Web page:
NASSAU, Bahamas (AP) — The latest on the search for a cargo ship missing off the coast of Bahamas (all times local):
An official with the shipping company that owns and operates the El Faro says the missing cargo ship has two U.S. Coast Guard certified lifeboats that can hold 43 people each.
Phil Greene, president and CEO of TOTE Services, Inc. also said the El Faro has four life rafts, four in the rear and one in the front, which could hold 15-17 people each.
The ship, which has not been heard from since authorities lost contact with it Thursday in the southeastern Bahamas, has a crew of 33 people.
Greene says the El Faro has been in service for many years and was built to work in the rough seas off Alaska.
"She is a sturdy, rugged vessel that was well maintained and that the crew members were proud of," Greene said.
An uncle of one of the crew members from the El Faro says the cargo ship was equipped with modern lifeboats. But Barry Young says no one knows whether the 33 crew members had a chance to use them.
Young spoke to reporters outside a Seafarer's union hall in Jacksonville, Florida, where family members have been getting briefings from the company.
Young says the families have been praying together and trying to support each other.
"We want closure and we hope and pray that it's them being brought home safely," he said.
A Coast Guard official says two Coast Guard cutters will search through the night for any sign of the El Faro, a missing U.S. cargo ship with 33 people on board.
Chief Petty Officer Bobby Nash says the cutters Resolute and Northland will stay in the search area in the southeastern Bahamas as the planes and helicopters taking part in the search return to their bases for the night.
Nash said the only confirmed trace of the El Faro is a life ring with the ship's name on it that was found on Saturday. Search teams on Sunday found a debris field that consists of wood, Styrofoam and pieces of shipping container but authorities have not yet confirmed that the material came from the ship.
An Air Force base in south Mississippi says two planes with 'Hurricane Hunter' air crews that flew into Hurricane Joaquin had also been involved in the search for the U.S. cargo ship lost with 33 people on board.
Maj. Marnee Lasurdo told the Sun Herald of Biloxi that the two C-130 crews were studying the storm on Thursday when the Coast Guard asked their help. She says the crews searched near the Bahamas on Thursday and Friday for the 790-foot El Faro.
The owner of the missing cargo ship says a contracted tugboat and another of its ships have found a container that appears to be from the El Faro.
But Tim Nolan, president of TOTE Maritime Puerto Rico, says in a statement "there has been no sighting of the El Faro or any life boats."
Rescuers have spotted floating debris and an oil sheen as U.S. crews continue an intensive search off the southeastern Bahamas for a U.S. cargo ship with 33 people on board. The ship has not been heard from since it lost power days ago and was taking on water in fierce seas churned up by Hurricane Joaquin.
The U.S. Coast Guard said early Sunday afternoon that its aircrews have spotted "life jackets, life rings, containers and an oil sheen" in the sprawling search area. But they have not yet been able to confirm whether the debris and oil is from the 790-foot El Faro. On Saturday, the Coast Guard said it located an orange life ring from the missing cargo ship.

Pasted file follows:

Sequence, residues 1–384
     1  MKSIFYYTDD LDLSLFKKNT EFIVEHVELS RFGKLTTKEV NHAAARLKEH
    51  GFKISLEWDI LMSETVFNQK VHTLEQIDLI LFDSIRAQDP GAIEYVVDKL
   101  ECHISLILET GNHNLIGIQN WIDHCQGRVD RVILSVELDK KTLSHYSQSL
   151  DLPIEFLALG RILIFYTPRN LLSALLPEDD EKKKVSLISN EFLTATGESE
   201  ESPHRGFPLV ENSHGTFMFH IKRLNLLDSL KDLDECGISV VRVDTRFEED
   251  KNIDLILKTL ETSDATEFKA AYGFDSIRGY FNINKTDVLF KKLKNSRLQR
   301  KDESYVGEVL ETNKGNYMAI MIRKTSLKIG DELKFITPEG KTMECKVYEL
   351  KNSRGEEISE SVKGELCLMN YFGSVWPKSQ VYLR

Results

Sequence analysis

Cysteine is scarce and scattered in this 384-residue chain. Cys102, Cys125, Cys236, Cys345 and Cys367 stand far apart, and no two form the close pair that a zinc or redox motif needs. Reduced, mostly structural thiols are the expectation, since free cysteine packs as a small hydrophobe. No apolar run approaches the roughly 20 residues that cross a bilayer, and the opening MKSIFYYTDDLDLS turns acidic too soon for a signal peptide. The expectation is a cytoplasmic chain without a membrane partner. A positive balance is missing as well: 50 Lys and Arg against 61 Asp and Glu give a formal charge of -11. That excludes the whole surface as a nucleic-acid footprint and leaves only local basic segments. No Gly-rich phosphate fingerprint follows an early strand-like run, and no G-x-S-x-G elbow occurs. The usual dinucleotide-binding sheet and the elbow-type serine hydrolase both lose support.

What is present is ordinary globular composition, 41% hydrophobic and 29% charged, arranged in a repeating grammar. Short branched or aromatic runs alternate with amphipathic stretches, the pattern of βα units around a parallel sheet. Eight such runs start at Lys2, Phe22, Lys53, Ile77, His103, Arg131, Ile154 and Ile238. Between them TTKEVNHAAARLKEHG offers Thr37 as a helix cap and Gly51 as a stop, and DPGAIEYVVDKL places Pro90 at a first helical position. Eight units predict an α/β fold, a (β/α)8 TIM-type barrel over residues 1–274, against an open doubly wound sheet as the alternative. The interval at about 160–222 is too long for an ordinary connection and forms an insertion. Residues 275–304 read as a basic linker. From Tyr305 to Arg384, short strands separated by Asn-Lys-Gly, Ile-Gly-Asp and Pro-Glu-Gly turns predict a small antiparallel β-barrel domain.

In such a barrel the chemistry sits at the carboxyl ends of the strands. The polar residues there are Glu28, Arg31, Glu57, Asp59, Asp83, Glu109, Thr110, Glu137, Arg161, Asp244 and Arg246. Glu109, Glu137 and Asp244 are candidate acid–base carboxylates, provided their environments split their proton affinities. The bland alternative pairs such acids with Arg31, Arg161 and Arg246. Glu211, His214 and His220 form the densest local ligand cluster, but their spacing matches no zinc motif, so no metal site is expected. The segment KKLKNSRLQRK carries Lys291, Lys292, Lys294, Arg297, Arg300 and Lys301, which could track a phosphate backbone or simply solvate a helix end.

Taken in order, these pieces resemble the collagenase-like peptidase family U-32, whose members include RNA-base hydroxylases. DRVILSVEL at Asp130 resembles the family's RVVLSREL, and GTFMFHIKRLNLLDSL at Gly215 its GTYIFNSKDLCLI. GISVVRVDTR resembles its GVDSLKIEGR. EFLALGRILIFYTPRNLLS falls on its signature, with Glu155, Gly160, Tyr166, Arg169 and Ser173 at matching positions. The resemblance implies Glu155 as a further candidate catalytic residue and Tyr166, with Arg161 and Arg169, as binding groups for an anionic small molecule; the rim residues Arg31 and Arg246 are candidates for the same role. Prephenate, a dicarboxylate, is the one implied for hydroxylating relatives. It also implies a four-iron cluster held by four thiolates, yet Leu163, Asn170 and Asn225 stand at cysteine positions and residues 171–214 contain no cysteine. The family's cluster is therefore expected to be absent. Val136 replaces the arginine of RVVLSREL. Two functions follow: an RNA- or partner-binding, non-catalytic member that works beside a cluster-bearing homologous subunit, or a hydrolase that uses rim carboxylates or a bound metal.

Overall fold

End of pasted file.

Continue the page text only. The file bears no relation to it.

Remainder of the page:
The father of a crewmember who was on board the cargo ship that is missing near the Bahamas says he is traveling to Florida to follow search efforts from there.
Ronald Holland, father of crewmember Michael Holland, tells The Associated Press that he is traveling soon to Florida from their home state of Maine. The relatives of crewmembers have been gathering in Jacksonsville, Florida, where the El Faro departed on Sept. 29 for Puerto Rico.
Family members have said four of the crewmembers are from Maine.
The U.S. Coast Guard says a shipping container has been located in the waters of the sprawling search area, but authorities don't yet know whether it is from the El Faro cargo ship that is missing with 33 people on board.
The ship has not been heard from since it lost power when Hurricane Joaquin roared by the Bahamas on Thursday.
Chief Petty Officer Ryan Doss said late Sunday morning that a container has been spotted but "we haven't been able to confirm yet whether it is from El Faro" or fell off another cargo ship in the vast expanse of the Atlantic being scoured by rescuers.
Doss said swells in the search area had decreased "by quite a bit" Sunday, allowing the Coast Guard to dispatch one of its cutters.
Aircraft have returned to the southeastern Bahamas to resume searching for a U.S. cargo ship with 33 people on board. The craft lost power and communications when it was caught in Hurricane Joaquin and has not been heard from since.
U.S. Coast Guard, Navy and Air Force planes and helicopters are expected to spend Sunday looking for the ship across a broad expanse of the Atlantic Ocean around Crooked Island, which the ship was passing when it was battered by fierce winds and waves by what was then a Category 4 hurricane.